The Playoff Beard
Tuesday, 04.30.2013 / 7:20 PM
|Palmieri is favored by most Ducks to grow the best one. Says Lovejoy, “Palmieri is a fairly hairy dude, so I think he would grow a very grizzly beard.”|
It is a Stanley Cup tradition almost as engrained as the Cup itself. The longer and thicker it gets, the better you’re doing. And there is a certain point of pride in growing one to the point of unruliness and maximum scruffiness.
It’s the playoff beard, a long-held tradition in which players grow their facial hair at the start of the postseason and refuse to shave until their team is either eliminated or they are lifting the Cup over their heads.
The custom is believed to have started with the great New York Islanders teams of the 1980s, which must have been doing something right, since they won four straight Cups. Some say it goes back to the elite Montreal teams of the late ‘70s. Either way, it has spread well beyond the NHL – to minor, junior and European leagues and, in the case of the Ducks, even to many of the male team employees.
The frequent itchiness and grumblings of wives and girlfriends is a small price to pay for such a sacred custom. Among the legendary Ducks, Teemu Selanne and Scott Niedermayer each had bodacious beards by the time they captured the Cup with a Game 5 victory over Ottawa in the Stanley Cup Final. Goalie J.S. Giguere did not grow one that year, but had a strikingly thick one by the time he was handed the Conn Smyth Trophy in a seven-game defeat to New Jersey in the 2003 Final.
For most of the current Ducks, growing playoff beards is on the agenda, with high hopes that they will be forced to keep it for a very long time. Although, some players have greater expectations for their whiskers than others.
I actually have a pretty manly playoff beard, even though I do not enjoy having facial hair. It itches, and I get made fun of around here because I’m a bit of a germaphobe. I like keeping clean and nicely shaven. But I do it because it’s an important tradition. It’s the profession I’ve chosen, and I’ve been lucky enough to go on some long playoff runs and grow it out because of it. You tough it out because it’s that sort of bunker mentality. Everyone grows one, and I look forward to having a beard for over eight weeks coming up.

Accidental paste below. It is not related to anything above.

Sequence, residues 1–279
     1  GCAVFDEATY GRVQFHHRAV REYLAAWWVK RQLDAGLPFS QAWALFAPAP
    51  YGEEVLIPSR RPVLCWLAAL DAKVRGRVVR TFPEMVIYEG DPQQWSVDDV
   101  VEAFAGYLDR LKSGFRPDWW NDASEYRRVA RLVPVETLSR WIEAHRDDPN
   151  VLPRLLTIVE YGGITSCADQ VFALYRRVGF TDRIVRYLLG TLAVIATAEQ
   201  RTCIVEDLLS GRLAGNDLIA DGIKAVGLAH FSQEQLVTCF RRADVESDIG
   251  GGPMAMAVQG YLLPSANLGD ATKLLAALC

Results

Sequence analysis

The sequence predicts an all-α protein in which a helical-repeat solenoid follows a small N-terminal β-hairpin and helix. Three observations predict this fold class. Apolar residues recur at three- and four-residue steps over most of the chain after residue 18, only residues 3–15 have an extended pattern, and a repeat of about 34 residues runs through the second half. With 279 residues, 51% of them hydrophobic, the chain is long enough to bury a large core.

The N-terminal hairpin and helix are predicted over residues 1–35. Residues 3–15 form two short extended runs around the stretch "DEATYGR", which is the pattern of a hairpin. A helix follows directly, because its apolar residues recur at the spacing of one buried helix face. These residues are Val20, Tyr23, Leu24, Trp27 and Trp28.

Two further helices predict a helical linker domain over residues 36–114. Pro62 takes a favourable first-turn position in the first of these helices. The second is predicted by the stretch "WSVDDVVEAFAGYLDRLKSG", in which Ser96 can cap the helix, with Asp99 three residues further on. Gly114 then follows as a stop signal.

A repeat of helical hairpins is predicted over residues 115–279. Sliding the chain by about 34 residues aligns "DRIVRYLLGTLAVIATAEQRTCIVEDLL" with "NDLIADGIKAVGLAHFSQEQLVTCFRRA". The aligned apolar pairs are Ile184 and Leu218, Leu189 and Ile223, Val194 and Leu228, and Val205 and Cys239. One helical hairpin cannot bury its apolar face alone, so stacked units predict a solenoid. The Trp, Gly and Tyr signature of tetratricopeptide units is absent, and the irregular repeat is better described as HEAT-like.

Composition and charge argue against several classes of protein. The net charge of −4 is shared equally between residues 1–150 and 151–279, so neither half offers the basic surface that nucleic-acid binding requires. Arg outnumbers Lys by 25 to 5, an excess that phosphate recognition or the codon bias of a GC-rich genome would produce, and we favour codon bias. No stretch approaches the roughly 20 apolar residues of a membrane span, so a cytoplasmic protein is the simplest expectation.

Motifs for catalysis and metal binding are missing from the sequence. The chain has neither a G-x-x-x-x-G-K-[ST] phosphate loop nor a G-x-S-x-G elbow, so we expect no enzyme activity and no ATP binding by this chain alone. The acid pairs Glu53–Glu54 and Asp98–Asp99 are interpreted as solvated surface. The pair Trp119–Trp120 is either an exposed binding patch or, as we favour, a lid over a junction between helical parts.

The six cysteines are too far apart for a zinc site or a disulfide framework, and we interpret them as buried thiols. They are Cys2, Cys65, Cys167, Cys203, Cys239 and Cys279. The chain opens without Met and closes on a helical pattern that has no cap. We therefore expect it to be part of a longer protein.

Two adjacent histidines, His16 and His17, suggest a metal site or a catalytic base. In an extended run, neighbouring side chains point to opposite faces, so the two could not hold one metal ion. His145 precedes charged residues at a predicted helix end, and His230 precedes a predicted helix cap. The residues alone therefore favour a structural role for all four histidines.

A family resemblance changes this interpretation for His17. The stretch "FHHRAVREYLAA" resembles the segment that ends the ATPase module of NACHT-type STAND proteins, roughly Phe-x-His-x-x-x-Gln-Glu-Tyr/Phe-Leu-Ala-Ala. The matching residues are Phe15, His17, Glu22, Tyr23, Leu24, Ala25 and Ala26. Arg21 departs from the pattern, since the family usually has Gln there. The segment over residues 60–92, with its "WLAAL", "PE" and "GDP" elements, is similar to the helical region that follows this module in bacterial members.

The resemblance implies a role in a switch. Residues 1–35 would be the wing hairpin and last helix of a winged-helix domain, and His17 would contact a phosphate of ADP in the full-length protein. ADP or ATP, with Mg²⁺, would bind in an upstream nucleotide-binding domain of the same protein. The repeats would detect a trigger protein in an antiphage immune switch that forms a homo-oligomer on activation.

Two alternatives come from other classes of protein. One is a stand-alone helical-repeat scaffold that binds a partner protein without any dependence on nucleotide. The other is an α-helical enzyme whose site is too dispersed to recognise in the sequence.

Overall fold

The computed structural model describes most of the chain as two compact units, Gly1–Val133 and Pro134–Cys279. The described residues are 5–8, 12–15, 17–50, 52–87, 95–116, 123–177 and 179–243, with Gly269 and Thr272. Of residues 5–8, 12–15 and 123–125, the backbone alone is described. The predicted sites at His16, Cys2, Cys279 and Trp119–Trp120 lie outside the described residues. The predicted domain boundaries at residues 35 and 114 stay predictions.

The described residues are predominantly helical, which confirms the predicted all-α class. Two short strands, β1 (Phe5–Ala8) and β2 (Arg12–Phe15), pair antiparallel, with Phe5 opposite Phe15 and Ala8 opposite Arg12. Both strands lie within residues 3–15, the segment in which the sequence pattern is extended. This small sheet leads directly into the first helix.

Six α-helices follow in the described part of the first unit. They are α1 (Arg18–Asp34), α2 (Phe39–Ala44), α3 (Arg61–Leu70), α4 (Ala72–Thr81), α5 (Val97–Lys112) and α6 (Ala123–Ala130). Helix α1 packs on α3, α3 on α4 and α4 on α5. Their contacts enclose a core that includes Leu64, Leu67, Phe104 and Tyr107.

|Niedermayer’s salt-and-pepper look during the ’07 Stanley Cup Final is unquestionably the greatest playoff beard in Ducks history.|
I’ve got a little something going, not too much. When it grows, it comes in pretty thick. It’s nothing special, nothing really to brag about. I usually grow it out, but I’ve got to start like a month and a half before. It takes quite a bit of time. Once it gets going, it’s greasy and nasty.
I’m pretty excited about it. I had a little one going last year when we were in Syracuse [of the AHL], but it was only for a week or two. I’m really looking forward to it this year. It comes in very fast for me. It gets thick, but it doesn’t really grow that long. I don’t think I’ve gone past two weeks or so, because it can look pretty bad.
I’ve done it in the past and I’m going to do it again. I don’t trim it. I just let it get wild. Pretty soon my face will turn a shade of red from the hair color.
It’s part of the tradition and I don’t trim it at all. It gets pretty good.
I’ve been trying every time, but my growth isn’t strong. It’s tough to tell. Trust me, I don’t have to touch it. It’s barely there.
I’ve been working on once since Christmas, but as you can see, it’s not really successful so I’ll probably have to skip that. To be honest, there’s not a whole lot growing. Secondly, I don’t really like it under the mask. It starts to get really itchy, and I never really got into it. I tried a couple times, but it [felt] more annoying than having it help me.
Yeah, I’ll be growing one. It won’t be much, so I’m not going to trim it or clean it up.
|Giguere had a substantial beard by the time he accepted the Conn Smythe trophy following Game 7 of the ’03 Final.|
“Palms” [Kyle Palmieri] would be top 3 on the team for sure, since he’s so hairy anyway. I bet Bobby can grow a pretty good one. We have a pretty clean-cut team for the most part. The worst would probably be Viktor [Fasth]. Probably the nastiest and grossest is Sami [Vatanen].
Palmieri is a fairly hairy dude, so I think he would grow a very grizzly beard. As for the others, some of these European guys might struggle. Viktor [Fasth] seems into his appearance, and I look forward to seeing him and Jonas try and grow nice beards.
Palmieri, definitely. Daniel Winnik is pretty hairy, and I think Ben Lovejoy can grow a pretty strong playoff beard too. The worst? Cam Fowler and Corey Perry, hands down.
I’d say I’m in the running for the best, but there will be a couple guys who can definitely grow a nice one. Bobby already has a good one at times. I’ve seen pictures of “T” [Teemu Selanne] from ’07. I expect him to have a good one.
|Selanne had a nice growth going in the '07 playoffs, but Beauchemin is not impressed.|
Palmieri is good, Beauch [Francois Beauchemin] might be good. Maybe Sheldon [Souray]. Bryan Allen might be a sneaky strong playoff beard guy. The worst would be me, maybe Viktor. I don’t think Hillsy [Hiller] has a good one.”
Palmieri would have the best, probably. Bobby Ryan’s looking pretty good right now. Shelly [Souray], the new addition, I don’t know how he’s looking. Daniel Winnik could be a good one too. It’s definitely interesting. Corey Perry would be the worst. It’s out there. I don’t want to throw myself under the bus, but it’s Corey Perry.
“Palms.” I mean, just look at his face. The worst would probably be me or Toni Lydman.
Shelly, Palmieri, Bobby. I don’t know about Daniel Winnik’s beard. For the worst? I’d go with Teemu. He’s got that weird jawline beard thing going on.”